KLM, Philips and Spotify, will your company be next? Four questions about SAFe

Beeld: Unsplash

Implementing agile in a large organization can be challenging. How do you implement this work ethic and philosophy on every level of the organization? The Scaled Agile Framework (SAFe) might be the solution.

The Dutch Tax and Customs Administration has 26000 employees. It’s one of the biggest governmental bodies of The Netherlands. Once upon a time the Dutch Tax and Customs Administration was the pride and joy of the government when it came down to their IT-practices. Dutch national newspaper de Volkskrant writer employees of the tax authority would be encouraged to play games on their laptops at home, just so they could get used to working with the new technology.


Times have changed however. The once hypermodern computer systems got old and renewing existing systems took a lot of time. Software was only released twice a year. It was time for a change and so the Dutch tax authority introduced the Scaled Agile Framework (SAFe) to their organization. Working with SAFe is a way to introduce agile to large organizations. Instead of only twice a year, the Dutch tax authority now releases a software-update every month. The tax authority is also able to make changes in processes by releasing in small batches. These processes often serve important and sensitive purposes for the organization, like allowances. The employees feel more involved, the quality of the software has gotten much better and the cybersecurity-problems are down with 87 percent. You can read all about the changes for the Dutch tax authority in this case study.

Is your organization considering implementing agile as well? Working with SAFe is not just implementing some new tools – it’s a true change in the company culture. In this article we’ll help you get started by answering four important questions about SAFe.

What is the Scaled Agile Framework (SAFe)?

In 2001 the Agile-manifesto was published. IT-departments decided it was time for a different approach to projects – the waterfallmethod wasn’t doing what it was meant to anymore. That’s where agile was invented – it was a way to incorporate flexibility in the process. Communication was improved and instead of doing big releases with a set end result, agile is about all the small releases that lead to an end result. More about agile, agile-terms and how it came to be you can read in this article.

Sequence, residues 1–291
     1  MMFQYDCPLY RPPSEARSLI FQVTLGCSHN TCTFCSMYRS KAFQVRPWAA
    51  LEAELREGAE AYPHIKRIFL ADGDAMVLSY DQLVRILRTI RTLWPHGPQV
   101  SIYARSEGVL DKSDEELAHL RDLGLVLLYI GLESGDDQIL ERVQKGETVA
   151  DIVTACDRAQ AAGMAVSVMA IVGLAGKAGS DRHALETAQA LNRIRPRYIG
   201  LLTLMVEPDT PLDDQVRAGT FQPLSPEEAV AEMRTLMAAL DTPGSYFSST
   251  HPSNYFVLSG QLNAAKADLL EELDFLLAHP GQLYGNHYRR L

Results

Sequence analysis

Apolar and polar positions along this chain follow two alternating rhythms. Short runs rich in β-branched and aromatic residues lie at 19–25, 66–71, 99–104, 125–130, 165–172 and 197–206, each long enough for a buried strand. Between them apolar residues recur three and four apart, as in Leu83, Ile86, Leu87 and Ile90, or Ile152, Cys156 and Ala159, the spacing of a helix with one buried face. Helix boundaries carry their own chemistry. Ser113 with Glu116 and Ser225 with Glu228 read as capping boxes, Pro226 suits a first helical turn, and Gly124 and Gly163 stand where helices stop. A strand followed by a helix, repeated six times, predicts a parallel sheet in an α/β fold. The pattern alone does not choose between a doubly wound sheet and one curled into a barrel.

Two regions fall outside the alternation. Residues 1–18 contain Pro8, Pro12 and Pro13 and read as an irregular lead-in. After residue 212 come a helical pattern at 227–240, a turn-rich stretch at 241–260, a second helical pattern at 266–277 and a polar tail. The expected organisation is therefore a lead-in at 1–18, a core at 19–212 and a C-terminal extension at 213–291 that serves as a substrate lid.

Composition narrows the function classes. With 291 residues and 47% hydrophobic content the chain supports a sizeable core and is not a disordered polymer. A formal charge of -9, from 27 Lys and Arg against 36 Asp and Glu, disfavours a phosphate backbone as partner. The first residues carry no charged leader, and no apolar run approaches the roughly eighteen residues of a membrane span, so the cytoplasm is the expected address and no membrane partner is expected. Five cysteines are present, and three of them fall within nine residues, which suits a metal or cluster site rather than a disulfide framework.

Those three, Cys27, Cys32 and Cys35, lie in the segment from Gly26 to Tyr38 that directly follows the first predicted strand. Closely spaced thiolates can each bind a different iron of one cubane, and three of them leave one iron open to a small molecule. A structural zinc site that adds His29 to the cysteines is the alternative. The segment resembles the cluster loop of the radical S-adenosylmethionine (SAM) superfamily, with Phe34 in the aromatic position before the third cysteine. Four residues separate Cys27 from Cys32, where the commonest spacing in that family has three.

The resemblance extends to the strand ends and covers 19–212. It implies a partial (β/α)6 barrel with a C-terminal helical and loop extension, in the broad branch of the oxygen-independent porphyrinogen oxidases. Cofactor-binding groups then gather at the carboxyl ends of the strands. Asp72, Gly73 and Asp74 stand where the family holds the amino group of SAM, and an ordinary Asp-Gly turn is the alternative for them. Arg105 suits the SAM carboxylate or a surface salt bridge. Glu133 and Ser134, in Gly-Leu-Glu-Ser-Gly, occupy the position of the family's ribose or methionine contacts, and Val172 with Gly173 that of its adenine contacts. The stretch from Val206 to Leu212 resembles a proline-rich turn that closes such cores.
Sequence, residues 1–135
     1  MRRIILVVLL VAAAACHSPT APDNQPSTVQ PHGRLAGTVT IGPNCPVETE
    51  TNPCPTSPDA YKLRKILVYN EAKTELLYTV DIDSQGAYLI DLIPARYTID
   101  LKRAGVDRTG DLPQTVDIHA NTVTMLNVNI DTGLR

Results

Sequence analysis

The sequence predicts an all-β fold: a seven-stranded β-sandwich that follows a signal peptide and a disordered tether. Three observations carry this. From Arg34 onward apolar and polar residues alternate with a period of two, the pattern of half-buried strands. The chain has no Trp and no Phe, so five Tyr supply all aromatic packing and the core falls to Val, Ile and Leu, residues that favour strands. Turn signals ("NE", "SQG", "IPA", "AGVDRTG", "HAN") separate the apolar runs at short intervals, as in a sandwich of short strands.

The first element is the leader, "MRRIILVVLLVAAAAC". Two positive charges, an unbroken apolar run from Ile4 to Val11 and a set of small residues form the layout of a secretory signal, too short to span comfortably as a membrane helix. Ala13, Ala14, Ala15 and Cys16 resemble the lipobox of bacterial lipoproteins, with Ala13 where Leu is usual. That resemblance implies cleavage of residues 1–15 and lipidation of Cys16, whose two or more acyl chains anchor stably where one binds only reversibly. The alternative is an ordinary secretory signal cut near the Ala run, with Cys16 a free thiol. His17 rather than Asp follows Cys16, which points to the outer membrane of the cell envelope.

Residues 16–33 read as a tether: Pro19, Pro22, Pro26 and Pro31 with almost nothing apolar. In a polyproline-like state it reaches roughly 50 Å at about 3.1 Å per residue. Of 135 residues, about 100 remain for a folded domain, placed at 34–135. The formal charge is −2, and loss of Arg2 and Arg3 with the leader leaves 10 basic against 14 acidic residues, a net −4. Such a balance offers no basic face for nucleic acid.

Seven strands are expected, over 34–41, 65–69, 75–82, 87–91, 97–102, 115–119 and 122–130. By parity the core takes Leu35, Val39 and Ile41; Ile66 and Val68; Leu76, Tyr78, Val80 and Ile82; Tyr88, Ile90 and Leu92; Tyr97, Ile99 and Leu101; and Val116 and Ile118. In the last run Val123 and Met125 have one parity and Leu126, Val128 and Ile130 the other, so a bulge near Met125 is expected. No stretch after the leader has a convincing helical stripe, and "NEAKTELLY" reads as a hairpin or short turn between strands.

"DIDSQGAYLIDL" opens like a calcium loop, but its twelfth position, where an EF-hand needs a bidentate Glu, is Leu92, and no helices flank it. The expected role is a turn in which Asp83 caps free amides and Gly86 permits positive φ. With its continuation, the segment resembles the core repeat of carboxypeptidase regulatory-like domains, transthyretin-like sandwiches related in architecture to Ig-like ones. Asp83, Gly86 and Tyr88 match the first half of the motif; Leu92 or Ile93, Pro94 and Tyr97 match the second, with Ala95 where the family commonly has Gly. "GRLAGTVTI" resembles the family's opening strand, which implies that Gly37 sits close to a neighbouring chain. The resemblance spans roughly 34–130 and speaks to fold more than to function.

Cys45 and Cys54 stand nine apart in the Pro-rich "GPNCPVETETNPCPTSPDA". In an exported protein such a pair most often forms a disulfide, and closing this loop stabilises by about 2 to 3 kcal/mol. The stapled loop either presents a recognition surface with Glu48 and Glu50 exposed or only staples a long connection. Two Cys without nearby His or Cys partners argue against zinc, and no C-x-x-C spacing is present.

‘Sounds great’, you’re obviously thinking, ‘but what about large organizations?’ That’s where SAFe came in: a framework to implement agile in larger organizations. When you’re working with SAFe it’s not about the individual result, but about the result for the organization.

How does it work?

There are four ways to do SAFe: essential, large, portfolio and full. Essential has the least layers (two) and full has the most layers (four). The graph on this website explains how that works exactly.

In every SAFe-framework there is work on three levels: portfolio, program and team.

The portfolio-level is where the business-owners are based. They are mainly concerned with the budget and do not have a say in the content. The product owner is in charge of the content. The business-owners do set the budget for the product that the teams (the Agile Release Trains (ART) are delivering.

On program level you’ll find the Agile Release Trains (ART). ART is a team that contains multiple agile teams. We call the product that’s delivered by the ART the Product Increment (PI). On program level, the Release Train Engineer (RTE) is in charge. The RTE is wearing the conductor hat in the schedule. He makes sure the work is done the agile way and guides teams when they’re solving problems. The RTE makes sure the train keeps going and gets to it’s destination on time.

On the lowest level you’ll find a standard scrum-team, that delivers products in sprints and is guided by a scrum master.

When should you implement SAFe?

It’s a good idea to implement SAFe when you’re considering moving towards an agile-approach with a large organization. KLM-Air France and Philips work with SAFe for example. A spin-off of SAFe is the Spotify-model, which you can check out here.

It’s important however to stay on top of things when you enroll SAFe in your organization. Make sure you customize the approach to best fit your organization and your staff has the knowledge to start working following the SAFe-practices.

What knowledge do I need?

About 250 staff members of the Dutch tax authority were sent to training courses when they started working with SAFe. It’s not just a different method of work – it changes the culture of your organization. If you start working with SAFe you could benefit from a SAFe-training course, but if your job role changes entirely, training your soft skills can help too. You can have a look at those courses here.

Global Knowledge has recently given her first SAFe-training and is now official SAFe-authorized. If you start with SAFe, this training course is a must. And if you take your course at Global Knowledge, the exam is already included. Have a look at what we have to offer by clicking the button.

Sources: SAFe (case study), de Volkskrant, Agile Scrum Group, Agile Scrum Group (SAFe)

Leave a Reply

Your email address will not be published. Required fields are marked *